Latest National Institute for Health and Clinical Excellence Stories
BRIDGEWATER, N.J., Sept.
Professor Karol Sikora said the next generation of drugs would keep people alive for longer but they were so expensive they could swallow half of the current NHS budget within four years.He calculated they could cost the NHS 50bn around half the current budget, which tops 100bn.The professor, who is director of Cancer Partners UK, a private provider of cancer services that works with the NHS, came up with the figures for Sky News.He said: "50bn is the equivalent to raising tax by 15p for...
By Jane Kirby THE high cost of cancer drugs could lead the NHS into "meltdown", a leading expert said today. Professor Karol Sikor a said the next generation of drugs would keep people alive for longer but they were so expensive they could swallow half of the current NHS budget within four years.
By Helen Puttick IT is, perhaps, an unusual move; from an organisation which fought for patients to one that often faces accusations of acting against their interests.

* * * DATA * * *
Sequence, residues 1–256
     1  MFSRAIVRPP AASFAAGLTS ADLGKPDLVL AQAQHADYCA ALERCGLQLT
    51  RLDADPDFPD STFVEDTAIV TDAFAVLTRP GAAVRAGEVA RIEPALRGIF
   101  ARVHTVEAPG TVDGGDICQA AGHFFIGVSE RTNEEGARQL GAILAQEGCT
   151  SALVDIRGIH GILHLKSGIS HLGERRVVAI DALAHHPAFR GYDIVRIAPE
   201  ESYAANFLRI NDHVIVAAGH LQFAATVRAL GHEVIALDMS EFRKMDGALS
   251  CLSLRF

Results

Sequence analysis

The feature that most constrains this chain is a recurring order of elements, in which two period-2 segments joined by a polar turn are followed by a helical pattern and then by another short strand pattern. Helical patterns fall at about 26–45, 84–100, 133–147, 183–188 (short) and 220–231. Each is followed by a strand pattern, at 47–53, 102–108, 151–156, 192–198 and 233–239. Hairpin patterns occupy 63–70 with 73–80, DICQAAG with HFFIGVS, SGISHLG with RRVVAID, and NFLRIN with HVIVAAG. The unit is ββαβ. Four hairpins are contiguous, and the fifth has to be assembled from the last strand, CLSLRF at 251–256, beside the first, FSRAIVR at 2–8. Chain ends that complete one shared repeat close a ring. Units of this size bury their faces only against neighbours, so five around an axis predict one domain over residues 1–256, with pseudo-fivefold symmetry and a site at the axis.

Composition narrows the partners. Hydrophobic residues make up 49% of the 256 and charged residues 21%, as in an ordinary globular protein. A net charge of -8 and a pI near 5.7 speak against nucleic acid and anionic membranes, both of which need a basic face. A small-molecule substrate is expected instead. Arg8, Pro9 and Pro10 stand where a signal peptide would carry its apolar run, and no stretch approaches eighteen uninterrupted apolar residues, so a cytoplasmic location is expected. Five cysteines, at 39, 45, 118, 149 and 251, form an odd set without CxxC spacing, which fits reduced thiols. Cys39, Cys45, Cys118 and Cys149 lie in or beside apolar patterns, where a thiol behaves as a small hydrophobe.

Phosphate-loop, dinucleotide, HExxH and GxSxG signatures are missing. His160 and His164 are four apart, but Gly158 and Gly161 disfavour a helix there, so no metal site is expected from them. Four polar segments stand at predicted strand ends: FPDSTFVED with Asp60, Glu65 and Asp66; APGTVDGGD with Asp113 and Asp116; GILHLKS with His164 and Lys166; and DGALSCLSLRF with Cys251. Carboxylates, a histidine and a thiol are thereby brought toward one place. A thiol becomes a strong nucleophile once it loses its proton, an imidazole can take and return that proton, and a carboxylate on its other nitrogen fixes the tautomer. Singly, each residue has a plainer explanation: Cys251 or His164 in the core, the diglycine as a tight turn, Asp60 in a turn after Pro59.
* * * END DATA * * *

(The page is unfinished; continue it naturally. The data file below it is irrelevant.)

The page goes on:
By Sadie Gray A cancer sufferer whose primary care trust refused to pay for a drug which could extend his life by up to three years has launched an "end of the road" legal challenge to the decision.
With the cost of healthcare provision spiraling, governments and payers across the seven major markets are applying cost-cutting measures, putting even greater pressure on pharmaceutical companies.
According to charity Infertility Network UK, North Staffordshire PCT is one of just three health authorities across the country which has suspended funding for IVF. The charity says 92 PCTs fund one cycle of treatment, 32 fund two and nine fund three cycles.
DR McGONAGLE'S put-down of NICE (Letters, August 28) as the "National Institute of Complete Embarrassment" does a disservice. NICE has produced final guidance for the drug Lucentis, now accepted for use throughout the UK.
The National Institute for Health and Clinical Excellence has recommended Novartis's Lucentis as a cost-effective therapy for all eligible patients with wet age-related macular degeneration.
By Paul Greaves A war veteran who fought a campaign to get a sight-saving drug on the NHS says he feels "vindicated" it will now be made freely available across the country.